There’s probably a lot more leeway in what readers will accept as perfectly fine and normal than your brain is telling you.


#7

A description im the middle of a dialogue serves as a dramatic pause:

-Tell me! Did you really?..

The inspector stood up, a smirk in his lips. He then slowly walked around his desk until he was in front of her.

-Yes. Yes, I did.

If you don’t need the pause, if the scene demands the dialogue to be more dinamic, then all those descriptions should be avoided, and added, if needed, after the action has died out:

-Confess! Did you do it?
-Yes! I did it! Please, don’t torture me anymore!

She smiled. She had his confession, and that was all that mattered to her…


#8

Some people might not like it, but there’s nothing wrong it, and I think the majority *will* like it. It’s a difficult argument.

It’s like asking whether your story should be event driven or character driven, should it be mostly dialogue or description? There’s no right or wrong way.

The answer is always going to be, whatever you feel most comfortable with :slight_smile:


#9

@Saracenar

I actually was told once that I should write more descriptive background due to my stories being dialogue heavy. I did listen to that advice, however I found that I ended up writing MORE dialogue as well! So the balance didn’t really change, I just tend to write more words in general now.

I write dialogue heavy stories for the most part since I tend to focus on the protagonist’s thoughts and feelings, and the people they’re dealing with (Relationships, personal interactions, etc.).

I find writing about people (or monsters, or whatever) and what they’re doing is more interesting than the actual places that they happen to be at the moment. I mean if the story warrants detailed description of the surroundings then of course I write it in (Character interaction with surroundings for example), but I don’t tend to focus on it as much as dialogue.

Though when I do want to write more “background” I tend to make a separate looping link so if the reader wants to know more about a particular location they can, but if they don’t then they can safely ignore it as it doesn’t bog down the main story.

I’m biased of course, but I don’t see anything bad about writing dialogue heavy stories.


#10

I definitely feel comfortable writing the way I do, and don’t want to force anything. I’m glad your comments support this.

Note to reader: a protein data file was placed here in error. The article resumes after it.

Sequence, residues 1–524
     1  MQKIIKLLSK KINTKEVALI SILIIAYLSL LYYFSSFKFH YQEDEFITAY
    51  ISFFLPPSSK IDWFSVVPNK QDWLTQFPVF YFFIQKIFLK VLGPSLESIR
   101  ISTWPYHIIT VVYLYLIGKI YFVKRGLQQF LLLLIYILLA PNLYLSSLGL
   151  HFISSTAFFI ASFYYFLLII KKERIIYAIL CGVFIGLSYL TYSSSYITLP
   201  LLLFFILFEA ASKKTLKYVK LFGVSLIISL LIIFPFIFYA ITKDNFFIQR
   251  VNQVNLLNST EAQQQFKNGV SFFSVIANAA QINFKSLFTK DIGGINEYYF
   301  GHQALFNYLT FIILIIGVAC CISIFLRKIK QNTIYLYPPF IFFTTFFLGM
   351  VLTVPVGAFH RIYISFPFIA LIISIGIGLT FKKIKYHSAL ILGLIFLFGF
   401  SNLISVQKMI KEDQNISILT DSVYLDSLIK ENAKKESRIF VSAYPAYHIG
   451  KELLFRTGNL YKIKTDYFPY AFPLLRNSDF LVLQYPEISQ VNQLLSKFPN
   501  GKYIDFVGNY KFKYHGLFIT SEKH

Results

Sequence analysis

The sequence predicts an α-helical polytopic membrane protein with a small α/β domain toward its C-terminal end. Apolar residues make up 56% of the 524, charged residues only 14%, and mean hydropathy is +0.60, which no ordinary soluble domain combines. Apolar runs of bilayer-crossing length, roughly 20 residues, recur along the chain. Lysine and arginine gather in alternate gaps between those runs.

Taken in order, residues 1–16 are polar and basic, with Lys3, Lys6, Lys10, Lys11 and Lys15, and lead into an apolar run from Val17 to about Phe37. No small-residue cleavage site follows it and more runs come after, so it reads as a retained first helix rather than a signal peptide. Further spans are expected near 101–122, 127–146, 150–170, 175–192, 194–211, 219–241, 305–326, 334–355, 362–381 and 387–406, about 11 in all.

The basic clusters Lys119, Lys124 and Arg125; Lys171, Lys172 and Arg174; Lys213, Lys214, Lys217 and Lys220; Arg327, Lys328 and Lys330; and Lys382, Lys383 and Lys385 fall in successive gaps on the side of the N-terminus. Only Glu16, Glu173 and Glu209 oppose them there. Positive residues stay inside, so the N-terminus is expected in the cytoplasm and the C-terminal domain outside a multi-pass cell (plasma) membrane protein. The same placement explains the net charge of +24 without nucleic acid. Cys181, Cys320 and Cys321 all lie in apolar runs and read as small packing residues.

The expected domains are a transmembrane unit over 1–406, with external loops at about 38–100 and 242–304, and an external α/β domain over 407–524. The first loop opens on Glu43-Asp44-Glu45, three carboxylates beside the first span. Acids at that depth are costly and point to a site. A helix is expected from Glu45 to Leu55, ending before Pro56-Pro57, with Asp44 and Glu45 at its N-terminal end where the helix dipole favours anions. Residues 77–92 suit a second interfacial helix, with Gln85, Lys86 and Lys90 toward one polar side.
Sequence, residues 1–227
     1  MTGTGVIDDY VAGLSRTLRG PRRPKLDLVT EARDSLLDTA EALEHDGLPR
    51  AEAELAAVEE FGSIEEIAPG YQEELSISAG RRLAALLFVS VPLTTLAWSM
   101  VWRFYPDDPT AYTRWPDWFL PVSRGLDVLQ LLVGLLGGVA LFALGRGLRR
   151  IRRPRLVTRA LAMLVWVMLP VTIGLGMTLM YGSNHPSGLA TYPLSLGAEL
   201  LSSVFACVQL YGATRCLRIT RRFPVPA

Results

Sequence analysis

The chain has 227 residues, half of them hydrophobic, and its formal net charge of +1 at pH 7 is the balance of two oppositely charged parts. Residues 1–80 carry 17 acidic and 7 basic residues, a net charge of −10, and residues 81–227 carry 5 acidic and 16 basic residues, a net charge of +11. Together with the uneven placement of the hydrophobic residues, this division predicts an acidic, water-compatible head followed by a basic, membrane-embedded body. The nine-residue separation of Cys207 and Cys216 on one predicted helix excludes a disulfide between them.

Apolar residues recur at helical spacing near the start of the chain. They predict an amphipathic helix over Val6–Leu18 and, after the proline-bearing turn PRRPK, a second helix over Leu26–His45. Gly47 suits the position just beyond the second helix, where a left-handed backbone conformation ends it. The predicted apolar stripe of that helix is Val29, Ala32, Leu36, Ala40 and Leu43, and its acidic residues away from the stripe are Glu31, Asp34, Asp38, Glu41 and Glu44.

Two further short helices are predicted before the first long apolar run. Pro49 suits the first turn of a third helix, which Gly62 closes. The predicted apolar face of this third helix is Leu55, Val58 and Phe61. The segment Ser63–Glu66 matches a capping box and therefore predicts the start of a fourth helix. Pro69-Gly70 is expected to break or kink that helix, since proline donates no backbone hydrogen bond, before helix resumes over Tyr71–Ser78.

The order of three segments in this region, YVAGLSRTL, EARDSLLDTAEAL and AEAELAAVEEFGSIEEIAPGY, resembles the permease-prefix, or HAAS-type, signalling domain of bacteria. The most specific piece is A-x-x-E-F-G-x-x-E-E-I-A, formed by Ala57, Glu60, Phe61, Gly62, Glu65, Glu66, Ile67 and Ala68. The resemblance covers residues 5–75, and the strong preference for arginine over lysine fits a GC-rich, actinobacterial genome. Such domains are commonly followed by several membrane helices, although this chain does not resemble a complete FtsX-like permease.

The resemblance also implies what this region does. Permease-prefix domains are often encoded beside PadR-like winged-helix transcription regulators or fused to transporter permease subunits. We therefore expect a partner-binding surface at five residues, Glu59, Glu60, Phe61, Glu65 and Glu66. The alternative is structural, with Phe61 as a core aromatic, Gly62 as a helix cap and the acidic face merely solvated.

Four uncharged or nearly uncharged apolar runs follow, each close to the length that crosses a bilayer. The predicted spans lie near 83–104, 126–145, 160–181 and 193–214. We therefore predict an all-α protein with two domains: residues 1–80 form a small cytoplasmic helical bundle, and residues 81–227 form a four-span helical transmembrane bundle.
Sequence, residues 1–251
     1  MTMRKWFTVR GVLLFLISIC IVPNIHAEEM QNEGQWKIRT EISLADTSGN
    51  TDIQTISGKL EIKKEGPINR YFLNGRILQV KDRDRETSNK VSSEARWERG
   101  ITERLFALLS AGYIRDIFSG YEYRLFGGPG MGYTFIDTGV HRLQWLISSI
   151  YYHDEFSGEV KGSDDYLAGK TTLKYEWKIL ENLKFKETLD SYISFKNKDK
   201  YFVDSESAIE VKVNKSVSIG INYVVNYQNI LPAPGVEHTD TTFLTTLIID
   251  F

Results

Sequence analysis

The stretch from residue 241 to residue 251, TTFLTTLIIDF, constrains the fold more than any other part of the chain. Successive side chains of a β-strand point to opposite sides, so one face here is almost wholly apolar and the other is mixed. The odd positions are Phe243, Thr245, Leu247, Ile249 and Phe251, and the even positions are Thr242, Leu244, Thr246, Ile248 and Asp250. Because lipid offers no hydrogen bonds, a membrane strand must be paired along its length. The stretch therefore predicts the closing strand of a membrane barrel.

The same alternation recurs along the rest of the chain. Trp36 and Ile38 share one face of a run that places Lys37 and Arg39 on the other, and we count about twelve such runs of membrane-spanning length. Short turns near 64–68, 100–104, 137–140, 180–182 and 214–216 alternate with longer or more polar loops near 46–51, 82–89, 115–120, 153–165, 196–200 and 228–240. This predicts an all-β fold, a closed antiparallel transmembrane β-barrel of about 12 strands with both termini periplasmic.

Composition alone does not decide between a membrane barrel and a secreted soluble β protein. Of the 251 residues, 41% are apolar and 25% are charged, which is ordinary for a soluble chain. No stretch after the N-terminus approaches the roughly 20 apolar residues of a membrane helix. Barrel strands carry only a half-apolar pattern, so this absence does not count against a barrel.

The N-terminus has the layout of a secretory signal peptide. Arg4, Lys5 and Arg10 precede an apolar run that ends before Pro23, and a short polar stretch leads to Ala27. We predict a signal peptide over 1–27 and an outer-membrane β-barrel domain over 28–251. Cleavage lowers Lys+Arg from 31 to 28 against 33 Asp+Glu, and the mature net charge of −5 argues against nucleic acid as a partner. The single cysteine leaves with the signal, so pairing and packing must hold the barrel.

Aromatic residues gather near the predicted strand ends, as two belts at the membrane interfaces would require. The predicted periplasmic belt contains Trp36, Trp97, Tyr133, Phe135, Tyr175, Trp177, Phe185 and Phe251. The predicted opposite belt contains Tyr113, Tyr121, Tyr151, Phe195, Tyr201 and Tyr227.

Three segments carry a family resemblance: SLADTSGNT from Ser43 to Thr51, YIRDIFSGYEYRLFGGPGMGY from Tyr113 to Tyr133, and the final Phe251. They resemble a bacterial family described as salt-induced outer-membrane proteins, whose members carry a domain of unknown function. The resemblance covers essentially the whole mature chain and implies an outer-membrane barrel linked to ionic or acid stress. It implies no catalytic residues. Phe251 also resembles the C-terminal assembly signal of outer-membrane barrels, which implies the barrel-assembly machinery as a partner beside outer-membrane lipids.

Interesting discussion though. Seems like so far no one is really against lots of dialogue, which I’m perfectly happy with!


#11

Once someone told me “Dialogues Are the story”. Or something like that. Oh, well, it had something to do with dialogues, I’m almost sure…

You have to be really good to keep your readers entertained if you write a story without dialogues, as it will become almost always in a tedious lecture. On the contrary, you can write a story with just dialogues, and maybe some exceptional description. Think about drama books. They’re all dialogues, and you still can read them with ease (though it’s not as fun as seeing the play).


#12

@Aquila Very true! I didn’t think about drama books/plays etc. I like what I’m hearing.


#13

I always thought that my writing was very dialogue heavy, but now that I think about it… It really isn’t?

You might just be hyper-critical of yourself. Even if you’re not, dialogue is my favorite part of stories-- to write and to read. Too much description seems to stop the flow for me… unless it’s done really well.


#14

@potato Yeah I think so too. With my own writing I often know exactly where it is leading and I can usually visualise it in my head really well. Then I start actually writing it and of course, simple text can’t live up to the awesome image in my mind, so I get critical and more analytical of my work.

Whereas with reading the fiction of others, you don’t know where it’s heading and it feels like you’re in a completely different world. You get caught up in the mysticism of it all and suddenly everyone else’s work looks so much better than your own, when really it’s probably not as great a divide as you think.


#15

@Saracenar Yeah, exactly! The thing you said with the image in your head, all the way. It never comes out right, man.

I have some jealousy issues when it comes to other writers. When I read something by, like, Peter S. Beagle (who is a description god), I get overwhelmed by how great everything is and go, ‘WHY CAN’T I WRITE LIKE THAT! UGH.’

But I’ve been told by people that they’re jealous of me. So… yeah. I’m sure there are people who read your work and go ‘damn!’, just like we do with others, haha. It’s like when you go on Deviantart and the artist is like, ‘ugh this is so bad but here’, and you’re sitting there like ‘um… no, this is fucking fantastic’.


#16

Ah. The neighbor’s-greener-pastures syndrome, happens all the time.

But to get back on topic, I would say that yes, I can vouch for screenplays.
I think my attention span has been dwindling (and not in a good way) since the last time I could finish reading a whole book - it’s that bad; long paragraphs just lost me. While I’m not very familiar with traditional theatre format, I feel that reading movie scripts has helped me grow in dialogue development, which is basically instead of having my proverbial mouth frothing from delivering descriptions, I just let the characters do the storytelling with all the talking, along their respective bias/attitude, to introduce to the audience what is going on around them.

Personally I think it’s quite effective. Then again it’s probably worth paying attention to the kind/genre of content you’re working on; some might not benefit that much from the intense back-and-forth.


#17

@potato Haha I know exactly what you mean. I wish I could draw half as well as some people I know, and they don’t think very highly of their skills.

@FcA Yeah same, I used to read pretty long books when I was younger, but the best I can do now is light novels that are like 300 pages at most. Generally though I’ll be reading comics or manga, which have even less text. It’s frightening how, despite loving some worlds so much, I can’t return to them because I just can’t be bothered reading all the way through :confused: